The path towards a coronavirus vaccine has been tumultuous, but a new trial from Oxford University is showing the most promise to date in developing an immune response to covid-19.
The study of 1,077 people showed that the developed injection produced antibodies and T cells to fight the coronavirus. The vaccine is created using a genetically engineered virus that causes the common cold in chimpanzees. Scientists altered it by transferring the genetic instructions for the coronavirus’s “spike protein,” the crucial tool it uses to invade our cells, to the vaccine they were developing. In this way, the vaccine looks like the coronavirus and trains our bodies how to attack it.
The focal point of Covid-19 immunity has been antibodies, but this is only part of the immunity puzzle. The vaccine also promotes T cell creation, a type of white blood cell which helps coordinate the immune system to spot which of the body’s cells have been infected and destroy them. The study showed 90 percent of people developed neutralizing antibodies after one dose. Ten people were given two doses and all of them produced neutralizing antibodies.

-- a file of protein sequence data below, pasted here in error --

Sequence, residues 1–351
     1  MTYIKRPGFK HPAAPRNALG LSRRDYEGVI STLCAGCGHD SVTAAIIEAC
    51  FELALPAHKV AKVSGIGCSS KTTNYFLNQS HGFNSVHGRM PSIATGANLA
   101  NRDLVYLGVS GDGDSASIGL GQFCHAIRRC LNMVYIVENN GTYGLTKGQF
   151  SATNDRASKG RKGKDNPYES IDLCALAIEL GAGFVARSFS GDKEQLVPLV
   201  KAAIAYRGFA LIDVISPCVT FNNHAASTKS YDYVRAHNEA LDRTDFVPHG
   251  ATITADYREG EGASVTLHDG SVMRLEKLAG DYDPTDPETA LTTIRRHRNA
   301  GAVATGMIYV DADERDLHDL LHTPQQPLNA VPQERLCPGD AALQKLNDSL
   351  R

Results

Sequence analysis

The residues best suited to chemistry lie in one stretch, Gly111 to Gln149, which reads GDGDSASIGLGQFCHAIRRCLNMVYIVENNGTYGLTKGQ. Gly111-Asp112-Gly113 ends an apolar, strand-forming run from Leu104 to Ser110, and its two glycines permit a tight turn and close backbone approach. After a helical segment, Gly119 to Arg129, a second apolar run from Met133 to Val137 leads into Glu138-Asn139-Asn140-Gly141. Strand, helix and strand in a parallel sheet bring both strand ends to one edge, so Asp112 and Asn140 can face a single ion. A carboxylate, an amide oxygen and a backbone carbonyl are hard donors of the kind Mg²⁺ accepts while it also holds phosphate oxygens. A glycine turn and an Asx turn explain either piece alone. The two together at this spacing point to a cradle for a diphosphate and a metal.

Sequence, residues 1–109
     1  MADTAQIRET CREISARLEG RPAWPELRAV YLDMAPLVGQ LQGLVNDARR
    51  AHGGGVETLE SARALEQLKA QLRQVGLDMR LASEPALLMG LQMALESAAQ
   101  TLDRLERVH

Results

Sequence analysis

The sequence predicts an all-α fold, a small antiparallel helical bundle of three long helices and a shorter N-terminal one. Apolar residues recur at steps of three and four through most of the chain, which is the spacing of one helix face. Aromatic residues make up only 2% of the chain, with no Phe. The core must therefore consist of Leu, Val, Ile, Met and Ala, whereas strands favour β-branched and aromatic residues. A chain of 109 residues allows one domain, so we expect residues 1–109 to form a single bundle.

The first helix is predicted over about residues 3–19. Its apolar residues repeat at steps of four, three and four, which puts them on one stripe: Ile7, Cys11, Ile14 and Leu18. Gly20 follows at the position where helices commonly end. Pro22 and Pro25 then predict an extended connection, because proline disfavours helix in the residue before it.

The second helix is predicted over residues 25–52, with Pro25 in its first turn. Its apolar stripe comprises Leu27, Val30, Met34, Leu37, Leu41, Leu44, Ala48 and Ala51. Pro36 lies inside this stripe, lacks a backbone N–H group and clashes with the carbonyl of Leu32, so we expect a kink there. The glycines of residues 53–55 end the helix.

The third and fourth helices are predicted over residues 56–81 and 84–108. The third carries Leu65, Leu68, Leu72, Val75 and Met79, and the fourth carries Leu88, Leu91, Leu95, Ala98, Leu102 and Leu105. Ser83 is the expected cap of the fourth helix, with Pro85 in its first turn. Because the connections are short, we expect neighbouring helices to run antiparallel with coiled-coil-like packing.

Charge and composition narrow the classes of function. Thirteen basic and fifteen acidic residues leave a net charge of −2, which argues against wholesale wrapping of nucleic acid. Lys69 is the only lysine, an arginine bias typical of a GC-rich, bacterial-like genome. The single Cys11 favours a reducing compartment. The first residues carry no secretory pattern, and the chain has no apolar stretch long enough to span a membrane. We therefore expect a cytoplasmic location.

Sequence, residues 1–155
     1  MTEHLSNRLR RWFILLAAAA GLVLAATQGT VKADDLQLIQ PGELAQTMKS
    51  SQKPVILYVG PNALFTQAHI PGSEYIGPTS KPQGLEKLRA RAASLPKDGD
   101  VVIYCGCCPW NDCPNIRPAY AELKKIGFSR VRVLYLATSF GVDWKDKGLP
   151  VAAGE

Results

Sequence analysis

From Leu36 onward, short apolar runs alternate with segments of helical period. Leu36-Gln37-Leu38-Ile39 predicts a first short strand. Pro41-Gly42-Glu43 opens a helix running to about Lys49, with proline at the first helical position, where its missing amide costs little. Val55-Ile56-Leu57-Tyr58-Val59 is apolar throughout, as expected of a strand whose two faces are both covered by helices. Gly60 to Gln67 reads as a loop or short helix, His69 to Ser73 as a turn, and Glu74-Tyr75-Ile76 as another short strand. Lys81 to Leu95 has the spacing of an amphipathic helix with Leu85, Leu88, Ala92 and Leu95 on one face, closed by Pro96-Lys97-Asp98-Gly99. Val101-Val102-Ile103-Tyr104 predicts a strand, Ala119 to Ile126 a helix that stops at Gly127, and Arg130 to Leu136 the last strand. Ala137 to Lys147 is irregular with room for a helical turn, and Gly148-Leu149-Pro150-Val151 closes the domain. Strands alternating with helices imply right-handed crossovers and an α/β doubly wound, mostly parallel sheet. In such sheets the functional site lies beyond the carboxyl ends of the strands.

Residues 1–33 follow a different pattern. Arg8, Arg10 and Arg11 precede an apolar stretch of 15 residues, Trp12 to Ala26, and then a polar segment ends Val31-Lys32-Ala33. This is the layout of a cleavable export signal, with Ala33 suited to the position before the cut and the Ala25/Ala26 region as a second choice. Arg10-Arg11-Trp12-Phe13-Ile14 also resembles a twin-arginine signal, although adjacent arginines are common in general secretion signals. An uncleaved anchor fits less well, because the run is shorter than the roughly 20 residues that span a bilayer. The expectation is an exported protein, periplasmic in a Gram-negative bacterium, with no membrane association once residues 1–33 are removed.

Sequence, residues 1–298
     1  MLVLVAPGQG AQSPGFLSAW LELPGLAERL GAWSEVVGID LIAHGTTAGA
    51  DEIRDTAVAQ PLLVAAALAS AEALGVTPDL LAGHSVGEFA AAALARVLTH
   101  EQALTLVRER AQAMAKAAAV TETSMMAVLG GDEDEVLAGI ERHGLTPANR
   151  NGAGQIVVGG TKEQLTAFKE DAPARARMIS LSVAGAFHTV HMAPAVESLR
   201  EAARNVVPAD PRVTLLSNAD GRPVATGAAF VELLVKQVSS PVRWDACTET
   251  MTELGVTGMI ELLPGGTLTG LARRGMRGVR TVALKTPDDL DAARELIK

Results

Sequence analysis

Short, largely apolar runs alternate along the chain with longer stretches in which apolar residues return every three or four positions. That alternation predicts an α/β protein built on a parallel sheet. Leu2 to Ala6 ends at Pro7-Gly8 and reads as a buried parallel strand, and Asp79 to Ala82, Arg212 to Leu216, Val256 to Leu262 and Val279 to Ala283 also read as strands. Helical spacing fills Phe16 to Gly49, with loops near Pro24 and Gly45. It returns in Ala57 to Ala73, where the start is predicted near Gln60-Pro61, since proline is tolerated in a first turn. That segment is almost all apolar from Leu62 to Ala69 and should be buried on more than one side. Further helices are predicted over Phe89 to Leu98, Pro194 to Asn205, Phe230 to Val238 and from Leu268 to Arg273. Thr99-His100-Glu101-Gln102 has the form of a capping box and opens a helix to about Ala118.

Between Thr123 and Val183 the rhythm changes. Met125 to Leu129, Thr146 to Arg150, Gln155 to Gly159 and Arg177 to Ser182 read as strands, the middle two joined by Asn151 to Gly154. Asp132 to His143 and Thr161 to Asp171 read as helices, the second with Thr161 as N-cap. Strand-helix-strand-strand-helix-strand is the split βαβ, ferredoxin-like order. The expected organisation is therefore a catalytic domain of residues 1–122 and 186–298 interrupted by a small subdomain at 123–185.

The creation of both antibodies and T-cells is encouraging, but only time will tell how long the vaccine provides protection for. It does appear that two doses of the vaccine offers the maximum level of protection from the virus.
No dangerous side effects have been observed, but nearly three quarters of trial patients did develop mild fever or headaches. The next phase of the vaccine trial will involve 10,000 participants in the UK, 30,000 in the US, 2,000 in South Africa, and 5,000 in Brazil.
While the development of a potential vaccine is promising, there are still many steps to be taken to determine the efficacy of the vaccine and ensure it is safe for mass distribution. Masks and social distancing are still our most effective tool against the virus, but a possible future vaccine is good news for preventing future outbreaks.